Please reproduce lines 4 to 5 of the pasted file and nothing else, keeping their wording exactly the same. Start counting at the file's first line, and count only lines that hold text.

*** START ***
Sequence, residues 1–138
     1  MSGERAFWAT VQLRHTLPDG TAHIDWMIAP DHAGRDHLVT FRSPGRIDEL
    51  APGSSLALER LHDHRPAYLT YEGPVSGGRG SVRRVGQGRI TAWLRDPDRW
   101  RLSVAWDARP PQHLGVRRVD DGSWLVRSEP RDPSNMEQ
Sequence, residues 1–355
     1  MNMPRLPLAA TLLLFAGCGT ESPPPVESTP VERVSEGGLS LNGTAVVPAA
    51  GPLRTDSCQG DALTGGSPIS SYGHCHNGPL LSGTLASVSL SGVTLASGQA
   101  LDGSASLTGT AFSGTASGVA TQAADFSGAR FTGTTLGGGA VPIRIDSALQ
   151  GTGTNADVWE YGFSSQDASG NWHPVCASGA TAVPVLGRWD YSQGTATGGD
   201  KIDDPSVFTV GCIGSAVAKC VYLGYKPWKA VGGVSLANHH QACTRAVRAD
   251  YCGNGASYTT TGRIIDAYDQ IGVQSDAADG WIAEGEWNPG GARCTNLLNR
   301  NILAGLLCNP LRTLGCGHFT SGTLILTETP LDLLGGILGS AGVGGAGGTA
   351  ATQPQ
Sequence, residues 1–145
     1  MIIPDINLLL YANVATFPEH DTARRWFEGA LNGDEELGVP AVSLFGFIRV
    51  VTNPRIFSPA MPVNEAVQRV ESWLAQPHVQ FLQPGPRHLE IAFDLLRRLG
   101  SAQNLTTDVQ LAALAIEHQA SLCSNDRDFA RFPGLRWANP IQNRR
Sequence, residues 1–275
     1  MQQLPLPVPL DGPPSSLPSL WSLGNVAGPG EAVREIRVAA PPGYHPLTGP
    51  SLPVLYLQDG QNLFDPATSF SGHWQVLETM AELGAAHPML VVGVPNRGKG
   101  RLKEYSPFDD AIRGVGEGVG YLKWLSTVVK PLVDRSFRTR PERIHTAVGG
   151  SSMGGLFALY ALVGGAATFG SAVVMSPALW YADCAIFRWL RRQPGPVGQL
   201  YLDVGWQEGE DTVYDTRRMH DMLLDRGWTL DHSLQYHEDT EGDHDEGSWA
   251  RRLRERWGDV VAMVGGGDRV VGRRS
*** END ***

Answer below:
   101  RLSVAWDARP PQHLGVRRVD DGSWLVRSEP RDPSNMEQ
Sequence, residues 1–355